McDonald’s, the residue of American empire

McDonald, soft drink, beverage, McD

Walking down the cobblestoned streets of Antigua, Guatemala, I looked at the sandy red roofs of the Spanish colonial-style houses. I watched stray dogs grovel on the streets as motorcycles drove by and the vendors sold freshly cut mango and passion fruit. I was a passing American foreigner trying to make sense of what I saw before me. The looming Volcán de Agua in the distance was a reminder that I was in a different world than the small-town suburbs of New Jersey where I grew up. But as I neared the community supermarket on Poniente Street, something familiar caught my eye: a clear set of golden arches on a dark brown sign hanging on a speckled red wall. It was a McDonald’s.

“Look at how many plants and trees and flowers they’re growing inside,” my Spanish teacher-turned-guide said as we watched customers order and pick up their food. “There’s even a large fountain for children to throw coins in and for families to sit around.” She was right. Gleaming in the sunlight, the McDonald’s fountain was the centrepiece of what looked like a miniature park. A life-size statue of Ronald McDonald sat on a bench next to the fountain looking over an outdoor plaza. “This may be the most lavish place in Antigua,” she concluded. There was a hint of disbelief in her voice, as though something wasn’t quite right. And yet her tone didn’t betray any cynicism or exasperation.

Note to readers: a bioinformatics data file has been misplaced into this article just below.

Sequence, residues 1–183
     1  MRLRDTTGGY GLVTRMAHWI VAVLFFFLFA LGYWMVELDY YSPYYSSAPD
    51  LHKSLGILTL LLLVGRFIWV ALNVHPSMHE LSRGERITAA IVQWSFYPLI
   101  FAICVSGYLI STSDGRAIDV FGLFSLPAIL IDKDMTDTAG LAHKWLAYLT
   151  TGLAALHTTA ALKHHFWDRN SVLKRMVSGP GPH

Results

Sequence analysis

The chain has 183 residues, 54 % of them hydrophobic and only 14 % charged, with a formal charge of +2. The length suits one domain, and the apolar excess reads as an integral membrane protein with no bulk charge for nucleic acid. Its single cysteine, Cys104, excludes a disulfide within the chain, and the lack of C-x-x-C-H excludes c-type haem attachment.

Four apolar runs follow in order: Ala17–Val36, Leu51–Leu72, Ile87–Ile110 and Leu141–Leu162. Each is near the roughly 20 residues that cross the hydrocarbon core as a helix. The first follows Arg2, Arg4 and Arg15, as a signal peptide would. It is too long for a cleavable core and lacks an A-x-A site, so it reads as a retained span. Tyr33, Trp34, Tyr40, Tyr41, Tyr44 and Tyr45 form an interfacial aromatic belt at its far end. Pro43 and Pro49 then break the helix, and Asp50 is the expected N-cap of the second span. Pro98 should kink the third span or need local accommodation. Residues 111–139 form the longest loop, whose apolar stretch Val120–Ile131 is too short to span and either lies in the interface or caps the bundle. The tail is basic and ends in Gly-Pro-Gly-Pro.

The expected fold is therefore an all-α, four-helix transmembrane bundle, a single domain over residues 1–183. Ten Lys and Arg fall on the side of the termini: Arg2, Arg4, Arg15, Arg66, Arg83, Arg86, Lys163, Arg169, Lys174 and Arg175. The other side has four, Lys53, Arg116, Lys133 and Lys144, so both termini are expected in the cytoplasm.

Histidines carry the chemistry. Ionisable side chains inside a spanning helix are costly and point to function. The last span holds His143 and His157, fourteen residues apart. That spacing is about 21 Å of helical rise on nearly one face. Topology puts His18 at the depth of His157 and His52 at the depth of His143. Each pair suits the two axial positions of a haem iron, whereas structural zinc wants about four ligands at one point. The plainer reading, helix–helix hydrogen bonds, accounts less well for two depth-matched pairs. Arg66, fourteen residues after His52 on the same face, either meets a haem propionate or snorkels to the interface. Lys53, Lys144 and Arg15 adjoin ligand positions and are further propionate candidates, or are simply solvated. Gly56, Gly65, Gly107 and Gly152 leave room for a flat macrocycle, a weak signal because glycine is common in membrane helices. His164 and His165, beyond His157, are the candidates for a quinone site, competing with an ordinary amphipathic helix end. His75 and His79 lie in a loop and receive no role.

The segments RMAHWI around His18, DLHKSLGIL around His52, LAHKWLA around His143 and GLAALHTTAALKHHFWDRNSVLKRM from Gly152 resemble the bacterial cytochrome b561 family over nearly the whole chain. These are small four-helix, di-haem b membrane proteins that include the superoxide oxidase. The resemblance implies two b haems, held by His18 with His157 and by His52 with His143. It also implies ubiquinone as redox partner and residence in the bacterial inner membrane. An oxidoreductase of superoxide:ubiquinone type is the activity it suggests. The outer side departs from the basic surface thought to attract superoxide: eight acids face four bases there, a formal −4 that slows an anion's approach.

American reviewers on Trip Advisor seemed to agree with my teacher’s assessment, but not her tone. “The Most Beautiful McDonald’s in the World,” read one commentator’s proud title. Others called it a “hidden gem” and “a little bit of paradise for Antigua” with a “beautiful atmosphere and regular hamburgers.” A New York City visitor wrote that “if this place was named anything else, it would be in every guide book.”

McDonald’s wasn’t the only American fast food establishment on Poniente Street. Opposite the Golden Arches was a Little Caesar’s Pizza, and further up the road, a Burger King with all the same features. All three teemed with costumers – American and Guatemalan alike – sometimes trailing out of the front door. Indeed, Guatemala appeared as though it really had become “America’s backyard,” to borrow the lexicon of the US policymakers who plotted the 1954 coup in the country.

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